Book Review (ARC): How the Dead Speak by Val McDermid

The first books in this brilliant series were so very imaginative, gruesome and brutal that they are hard to live up to. Truly, Tony Hill and Carol Jordan were a force to be reckoned with – in all of their messy realities, from Carol’s growing alcoholism to Tony’s impotence. Their relationship has gone through every tragedy that you could dream up, and more besides. So the question is now: can these books survive Tony being in prison for murder, and Carol out of the police force?

In many ways, How the Dead Speak feels like an ending to Tony and Carol, and a beginning to a new series about DI Paula MacIntyre. I wouldn’t blame McDermid if so – it’s difficult to write a series of police procedurals about non police officers, and it’s also hard to see how Carol Jordan could ever come back from professional disgrace after the events of Insidious Intent.

I wasn’t shy about disliking the latter novel. I think How the Dead Speak is better, but it still has the slightly disjointed and rushed quality that marred Insidious Intent. There are so many different viewpoints and threads, and I expected them to come together in a flourish that would knock my socks off, and instead… well, they didn’t. The book seemed to peter out, without many answers, moments of excitement, or narrative cohesion. It felt like many different books and the thing it felt like the least was a thriller or mystery novel.

Tony Hill is in prison and struggling to find his place. Carol Jordan has been ousted from ReMIT and begins to work with her old nemesis Bronwen Scott, seeking justice for people accused or found guilty for crimes they didn’t commit. A new version of ReMIT has been put in place, with DCI Rutherford in charge and the old crew – Alvin, Karim, Paula and Stacey – joined by newbies Steve and Sophie. They’re investigating the discovery of thirty skeletons found on the grounds of a former convent and girls’ home.

From the beginning, we know who the murderer is, and really – he or she is second fiddle to the interpersonal dramas. In the beginning of the Hill/Jordan novels, the thrills were the point. The relationships fed off the cases and were informed by the killer’s motivations – the characters seemed immersed in their work and the darkness surrounding them. But in this book, the mystery (or lack thereof) is a distant thing – not impacting anyone or acting as a catalyst for change. Instead, McDermid concentrates on Tony’s fumblings in jail, trying to find professional purpose and avoid being beaten up. She spends time with Carol attempting to recover from her PTSD through therapy. And there’s A LOT of time on Tony and Carol missing each other, longing for each other (etc etc) in a rather tiresome way.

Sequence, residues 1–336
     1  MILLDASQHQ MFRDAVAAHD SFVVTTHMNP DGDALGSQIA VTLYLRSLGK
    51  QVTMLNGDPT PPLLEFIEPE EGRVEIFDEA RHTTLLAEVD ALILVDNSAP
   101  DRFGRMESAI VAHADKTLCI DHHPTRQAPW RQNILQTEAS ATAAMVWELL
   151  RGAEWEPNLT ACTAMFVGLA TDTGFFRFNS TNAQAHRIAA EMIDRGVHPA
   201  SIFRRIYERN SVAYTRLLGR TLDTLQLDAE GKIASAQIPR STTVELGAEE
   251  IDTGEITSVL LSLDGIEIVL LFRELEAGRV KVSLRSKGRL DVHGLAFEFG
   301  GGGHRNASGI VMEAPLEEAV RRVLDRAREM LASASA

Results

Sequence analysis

It’s my opinion that these books would be greatly improved if Tony and Carol would accept their close friendship for what it is, and avoid a disastrous romance. There’s simply no way in hell these two could ever make it work as partners. Further, there’s no spark between them. They have come through the fire and on the other side, they’ve been burned clean of that electricity and old passion. Instead, they’re like brother and sister – they love each other, but I don’t believe they are in love with each other.

I have no problem with reading about committed, happy (or unhappy) couples. But I don’t believe that Tony and Carol have any chemistry left, and I think the series would be rejuvenated if they accepted their friendship. Perhaps then, the spark would return? Maybe? Maybe not? Either way, I’d love to see a return to the thrills and depravity of the earlier series, and less of Tony doodling Carol’s name in the margins of his notebook.